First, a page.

“There’s a tremendous sense of belonging that comes from being a part of groups who perform,” says CM music teacher and chorale leader, Dr. Michael Monroe. “There’s something wonderful about watching each other get incrementally better.” Singers have the opportunity to earn honors credit over lunch in Monroe’s historic Donahue Hall music room, the choir headquarters for rehearsals for monthly performances. “Because we meet during the lunch block, we’re able to gather together and share a meal before getting to work,” notes Monroe. “It allows us to get started in a natural state, unifying over food then unifying our voices.”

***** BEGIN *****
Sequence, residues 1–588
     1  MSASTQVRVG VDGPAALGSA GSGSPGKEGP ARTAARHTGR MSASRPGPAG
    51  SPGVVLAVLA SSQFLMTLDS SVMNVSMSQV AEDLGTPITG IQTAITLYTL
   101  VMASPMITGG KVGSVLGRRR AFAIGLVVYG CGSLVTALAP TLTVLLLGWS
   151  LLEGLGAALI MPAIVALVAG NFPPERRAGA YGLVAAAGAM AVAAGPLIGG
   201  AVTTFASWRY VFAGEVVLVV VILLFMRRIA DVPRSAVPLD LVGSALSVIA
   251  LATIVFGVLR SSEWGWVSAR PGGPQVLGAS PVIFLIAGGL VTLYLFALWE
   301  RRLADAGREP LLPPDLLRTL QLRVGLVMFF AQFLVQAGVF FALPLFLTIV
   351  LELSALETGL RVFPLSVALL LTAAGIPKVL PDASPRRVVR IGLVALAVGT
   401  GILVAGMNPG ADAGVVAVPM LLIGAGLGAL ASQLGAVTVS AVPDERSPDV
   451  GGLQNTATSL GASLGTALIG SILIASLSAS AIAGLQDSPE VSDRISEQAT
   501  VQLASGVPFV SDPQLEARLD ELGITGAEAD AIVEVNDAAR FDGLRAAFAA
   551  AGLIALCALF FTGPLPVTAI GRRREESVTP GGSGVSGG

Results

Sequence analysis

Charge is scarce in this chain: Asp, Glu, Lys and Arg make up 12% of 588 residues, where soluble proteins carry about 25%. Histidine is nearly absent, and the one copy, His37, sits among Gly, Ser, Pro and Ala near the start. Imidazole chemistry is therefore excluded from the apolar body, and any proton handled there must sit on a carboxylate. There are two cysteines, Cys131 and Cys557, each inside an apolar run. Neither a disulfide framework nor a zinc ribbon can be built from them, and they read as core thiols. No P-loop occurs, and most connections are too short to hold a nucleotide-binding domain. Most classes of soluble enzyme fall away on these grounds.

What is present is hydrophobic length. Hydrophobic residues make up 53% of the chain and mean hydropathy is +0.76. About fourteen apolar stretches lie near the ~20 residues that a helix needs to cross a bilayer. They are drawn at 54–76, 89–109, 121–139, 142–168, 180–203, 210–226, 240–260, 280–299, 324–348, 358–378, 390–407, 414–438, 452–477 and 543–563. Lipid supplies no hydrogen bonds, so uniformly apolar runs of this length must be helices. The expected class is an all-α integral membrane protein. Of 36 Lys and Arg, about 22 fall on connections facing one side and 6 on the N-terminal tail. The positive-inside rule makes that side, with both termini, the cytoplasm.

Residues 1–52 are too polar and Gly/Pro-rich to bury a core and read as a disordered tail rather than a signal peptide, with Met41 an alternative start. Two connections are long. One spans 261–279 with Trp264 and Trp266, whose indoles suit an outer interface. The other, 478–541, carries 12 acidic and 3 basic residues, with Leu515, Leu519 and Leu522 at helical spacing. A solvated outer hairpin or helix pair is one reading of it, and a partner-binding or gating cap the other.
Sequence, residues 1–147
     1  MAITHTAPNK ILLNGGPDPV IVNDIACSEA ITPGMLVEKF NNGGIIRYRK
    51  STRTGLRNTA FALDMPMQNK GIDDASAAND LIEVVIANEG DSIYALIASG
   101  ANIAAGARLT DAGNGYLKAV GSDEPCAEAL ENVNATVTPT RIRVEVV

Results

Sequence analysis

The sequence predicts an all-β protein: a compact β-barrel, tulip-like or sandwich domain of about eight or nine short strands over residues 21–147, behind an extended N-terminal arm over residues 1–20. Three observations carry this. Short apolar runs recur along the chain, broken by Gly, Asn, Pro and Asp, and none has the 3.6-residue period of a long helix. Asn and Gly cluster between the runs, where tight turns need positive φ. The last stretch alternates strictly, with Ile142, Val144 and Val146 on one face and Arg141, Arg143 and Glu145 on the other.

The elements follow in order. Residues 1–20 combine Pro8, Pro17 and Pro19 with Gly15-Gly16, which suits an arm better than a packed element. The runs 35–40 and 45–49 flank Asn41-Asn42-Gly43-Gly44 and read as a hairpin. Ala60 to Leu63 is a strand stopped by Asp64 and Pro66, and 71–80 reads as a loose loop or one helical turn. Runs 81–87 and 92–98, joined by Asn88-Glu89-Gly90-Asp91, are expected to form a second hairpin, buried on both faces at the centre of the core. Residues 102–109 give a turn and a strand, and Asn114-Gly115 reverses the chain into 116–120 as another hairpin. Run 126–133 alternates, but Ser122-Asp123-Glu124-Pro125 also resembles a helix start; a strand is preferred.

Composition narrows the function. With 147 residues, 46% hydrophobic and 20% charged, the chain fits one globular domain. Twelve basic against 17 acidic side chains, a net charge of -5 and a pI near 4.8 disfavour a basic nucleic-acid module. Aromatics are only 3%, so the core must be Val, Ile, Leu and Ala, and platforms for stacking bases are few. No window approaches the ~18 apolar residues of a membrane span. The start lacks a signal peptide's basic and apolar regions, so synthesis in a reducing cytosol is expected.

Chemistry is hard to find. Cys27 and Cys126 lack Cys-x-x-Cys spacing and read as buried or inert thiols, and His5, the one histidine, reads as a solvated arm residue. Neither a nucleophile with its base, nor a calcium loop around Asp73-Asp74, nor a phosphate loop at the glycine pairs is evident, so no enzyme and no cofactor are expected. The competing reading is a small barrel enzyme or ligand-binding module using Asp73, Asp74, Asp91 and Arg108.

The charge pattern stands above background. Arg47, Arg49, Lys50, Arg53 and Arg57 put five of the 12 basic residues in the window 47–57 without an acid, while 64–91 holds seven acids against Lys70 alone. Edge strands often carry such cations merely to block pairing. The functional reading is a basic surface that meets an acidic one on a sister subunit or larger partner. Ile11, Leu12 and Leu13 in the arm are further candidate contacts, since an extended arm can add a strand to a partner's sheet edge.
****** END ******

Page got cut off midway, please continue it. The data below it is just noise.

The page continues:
Unified voices are perhaps the most commonly recognized performance at school, with hymns and harmonies emanating from the choir at each Mass. “Just like how stained glass, high ceilings, and all the beautiful aspects of a cathedral can enhance our sense of being in a sacred space, music can do that as well,” notes Monroe. “Our gym is no cathedral, but the choir singing at Mass really creates a sense of beauty within the space.” Choir students perform hymns and psalms that date back thousands of years; they even revive languages with such songs like “Non Nobis Domine,” sung entirely in Latin. “It does take more work to learn Latin… not just the syllables but the meaning of the words,” says Monroe. “It might seem distant at first, but boys here want to know everything. It’s a great opportunity to have deeper conversations about why we’re singing.”